The jury in the Trayvon Martin case made a serious mistake in setting Zimmerman free with no consequences for his foolish, dangerous, and unnecessary behavior. They had the option of finding Zimmerman guilty of manslaughter, which would have been justice. Zimmerman cannot claim self defense when he purposely created the confrontation after being told by the police to stop following Trayvon.

    • BobTrent

      Zimmerman was not on trial for his “foolish, dangerous, and unnecessary” behavior. He was on trial for second degree murder, with manslaughter as a lesser alternative if the jury acquitted him of murder.

  • BobTrent

    Florida’s Legislature in its wisdom allows adults to obtain concealed weapons (firearms) permits while not permitting minors to obtain such permits.
    Further, Zimmerman had retreated, though under no legal duty to do so, as far as he could: his back was flat against the pavement.
    He was a resident of the gated community, which streets are not public but private property, and saw someone he did not recognize as a resident or guest of a resident and who fit the stereotype of those he suspected of fomenting a crime wave in his private community.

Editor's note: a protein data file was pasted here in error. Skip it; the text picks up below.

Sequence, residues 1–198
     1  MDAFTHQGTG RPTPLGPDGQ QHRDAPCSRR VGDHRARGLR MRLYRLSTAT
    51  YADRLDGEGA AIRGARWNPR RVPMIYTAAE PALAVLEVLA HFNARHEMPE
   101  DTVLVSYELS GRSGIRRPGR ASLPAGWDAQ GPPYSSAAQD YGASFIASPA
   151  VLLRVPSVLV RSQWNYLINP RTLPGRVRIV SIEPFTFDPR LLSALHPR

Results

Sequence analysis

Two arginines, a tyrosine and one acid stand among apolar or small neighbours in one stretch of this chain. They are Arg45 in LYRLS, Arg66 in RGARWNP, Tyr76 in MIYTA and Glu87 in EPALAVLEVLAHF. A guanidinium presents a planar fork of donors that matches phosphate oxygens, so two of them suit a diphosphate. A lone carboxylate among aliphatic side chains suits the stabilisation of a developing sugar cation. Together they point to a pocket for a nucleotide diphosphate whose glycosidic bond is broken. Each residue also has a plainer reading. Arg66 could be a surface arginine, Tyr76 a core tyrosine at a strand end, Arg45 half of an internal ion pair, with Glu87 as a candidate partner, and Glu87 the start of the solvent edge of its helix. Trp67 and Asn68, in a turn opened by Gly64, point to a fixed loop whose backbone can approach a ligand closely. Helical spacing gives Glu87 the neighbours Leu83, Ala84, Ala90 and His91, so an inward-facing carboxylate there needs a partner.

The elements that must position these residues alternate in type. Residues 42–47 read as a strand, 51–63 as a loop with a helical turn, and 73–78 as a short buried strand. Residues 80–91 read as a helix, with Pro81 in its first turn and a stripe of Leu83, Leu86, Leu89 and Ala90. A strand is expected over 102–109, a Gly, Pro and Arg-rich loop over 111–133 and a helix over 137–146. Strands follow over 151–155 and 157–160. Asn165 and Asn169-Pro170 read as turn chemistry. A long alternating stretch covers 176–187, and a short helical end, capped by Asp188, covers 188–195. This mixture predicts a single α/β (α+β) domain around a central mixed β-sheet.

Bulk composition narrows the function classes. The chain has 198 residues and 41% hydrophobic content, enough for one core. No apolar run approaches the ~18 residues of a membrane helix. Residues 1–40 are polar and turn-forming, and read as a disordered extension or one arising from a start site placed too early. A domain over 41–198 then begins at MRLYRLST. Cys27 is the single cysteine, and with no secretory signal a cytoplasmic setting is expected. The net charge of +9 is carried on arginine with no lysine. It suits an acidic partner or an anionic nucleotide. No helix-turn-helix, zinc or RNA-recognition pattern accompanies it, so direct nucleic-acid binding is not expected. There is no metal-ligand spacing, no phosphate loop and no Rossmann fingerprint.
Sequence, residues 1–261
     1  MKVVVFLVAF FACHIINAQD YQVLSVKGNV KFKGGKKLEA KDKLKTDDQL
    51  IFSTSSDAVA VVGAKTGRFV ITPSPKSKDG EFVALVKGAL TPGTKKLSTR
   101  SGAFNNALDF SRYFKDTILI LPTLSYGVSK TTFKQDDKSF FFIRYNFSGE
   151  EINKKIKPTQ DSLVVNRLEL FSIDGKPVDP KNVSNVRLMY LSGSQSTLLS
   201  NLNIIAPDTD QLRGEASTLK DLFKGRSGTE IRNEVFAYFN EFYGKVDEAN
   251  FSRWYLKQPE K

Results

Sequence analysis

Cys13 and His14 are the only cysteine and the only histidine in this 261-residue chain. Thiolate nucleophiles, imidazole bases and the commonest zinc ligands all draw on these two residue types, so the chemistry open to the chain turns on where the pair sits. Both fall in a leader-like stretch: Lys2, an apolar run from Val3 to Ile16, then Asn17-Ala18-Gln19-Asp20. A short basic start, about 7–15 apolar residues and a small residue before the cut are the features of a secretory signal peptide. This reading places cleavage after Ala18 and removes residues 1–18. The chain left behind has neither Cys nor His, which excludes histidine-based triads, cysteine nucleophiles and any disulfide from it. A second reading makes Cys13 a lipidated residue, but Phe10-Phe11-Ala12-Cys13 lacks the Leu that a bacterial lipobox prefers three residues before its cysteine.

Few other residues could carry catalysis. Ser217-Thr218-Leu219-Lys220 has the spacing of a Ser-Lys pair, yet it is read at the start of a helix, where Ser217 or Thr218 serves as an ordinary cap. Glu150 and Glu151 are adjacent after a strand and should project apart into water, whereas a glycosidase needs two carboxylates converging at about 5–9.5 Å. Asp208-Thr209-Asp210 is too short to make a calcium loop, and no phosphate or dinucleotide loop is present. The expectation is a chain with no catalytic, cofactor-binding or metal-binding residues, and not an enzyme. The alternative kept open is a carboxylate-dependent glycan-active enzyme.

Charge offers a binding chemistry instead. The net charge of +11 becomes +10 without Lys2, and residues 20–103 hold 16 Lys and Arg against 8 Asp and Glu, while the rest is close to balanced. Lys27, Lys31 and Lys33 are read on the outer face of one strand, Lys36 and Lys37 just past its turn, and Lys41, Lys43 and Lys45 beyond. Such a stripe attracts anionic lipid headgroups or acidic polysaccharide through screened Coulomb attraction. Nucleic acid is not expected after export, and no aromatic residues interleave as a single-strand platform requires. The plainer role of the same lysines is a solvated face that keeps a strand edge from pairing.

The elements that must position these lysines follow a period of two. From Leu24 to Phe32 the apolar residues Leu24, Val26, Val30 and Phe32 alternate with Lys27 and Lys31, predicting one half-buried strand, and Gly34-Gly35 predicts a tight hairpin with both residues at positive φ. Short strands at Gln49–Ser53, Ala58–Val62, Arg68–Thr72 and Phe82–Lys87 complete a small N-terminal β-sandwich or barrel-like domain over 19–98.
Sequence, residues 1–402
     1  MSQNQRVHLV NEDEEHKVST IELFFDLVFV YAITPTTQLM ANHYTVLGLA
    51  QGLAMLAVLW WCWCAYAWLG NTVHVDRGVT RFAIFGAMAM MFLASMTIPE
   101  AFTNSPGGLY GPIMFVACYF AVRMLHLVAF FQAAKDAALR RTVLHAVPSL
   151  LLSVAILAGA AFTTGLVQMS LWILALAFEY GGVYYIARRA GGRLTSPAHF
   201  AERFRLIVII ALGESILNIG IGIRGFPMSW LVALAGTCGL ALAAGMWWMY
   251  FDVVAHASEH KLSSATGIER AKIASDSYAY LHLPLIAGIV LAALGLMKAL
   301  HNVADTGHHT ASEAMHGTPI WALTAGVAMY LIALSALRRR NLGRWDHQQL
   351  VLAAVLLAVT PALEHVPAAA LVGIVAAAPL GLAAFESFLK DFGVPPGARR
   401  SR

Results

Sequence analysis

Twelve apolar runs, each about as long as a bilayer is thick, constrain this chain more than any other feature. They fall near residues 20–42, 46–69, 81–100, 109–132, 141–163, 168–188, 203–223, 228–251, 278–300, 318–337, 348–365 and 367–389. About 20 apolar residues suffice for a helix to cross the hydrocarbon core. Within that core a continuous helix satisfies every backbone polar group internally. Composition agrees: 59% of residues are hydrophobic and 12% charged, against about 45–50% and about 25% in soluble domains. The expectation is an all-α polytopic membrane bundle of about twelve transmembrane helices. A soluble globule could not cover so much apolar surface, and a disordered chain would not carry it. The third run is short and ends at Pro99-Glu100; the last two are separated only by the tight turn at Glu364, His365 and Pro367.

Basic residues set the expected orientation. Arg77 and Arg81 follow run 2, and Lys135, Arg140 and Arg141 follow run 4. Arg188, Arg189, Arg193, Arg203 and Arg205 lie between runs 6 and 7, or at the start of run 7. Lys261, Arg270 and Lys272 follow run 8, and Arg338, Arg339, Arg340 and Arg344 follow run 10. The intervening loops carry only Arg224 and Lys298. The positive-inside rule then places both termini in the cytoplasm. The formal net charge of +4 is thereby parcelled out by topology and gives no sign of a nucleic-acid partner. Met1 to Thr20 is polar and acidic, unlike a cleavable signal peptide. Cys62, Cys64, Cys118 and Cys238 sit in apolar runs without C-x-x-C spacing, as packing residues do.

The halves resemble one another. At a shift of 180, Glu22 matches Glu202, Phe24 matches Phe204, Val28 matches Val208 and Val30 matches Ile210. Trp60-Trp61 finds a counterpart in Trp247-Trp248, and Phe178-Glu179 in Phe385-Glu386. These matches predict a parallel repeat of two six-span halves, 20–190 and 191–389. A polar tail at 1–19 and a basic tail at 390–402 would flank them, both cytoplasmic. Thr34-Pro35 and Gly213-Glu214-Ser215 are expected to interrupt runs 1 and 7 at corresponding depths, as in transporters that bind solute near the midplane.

Sorry. If I wear the “uniform” of an antisocial sort I might expect to be presumed to be a member of such antisocial class.
    It’s the government that is supposed to treat everyone equal. We haven’t completely attained that yet, much less educating individuals to regard all on the same basis.

  • Paul Norman

    Have you folks read or seen the “holdout” juror who really wanted to find Zimmerman guilty but had to follow the Florida laws? She says he “got away with murder.”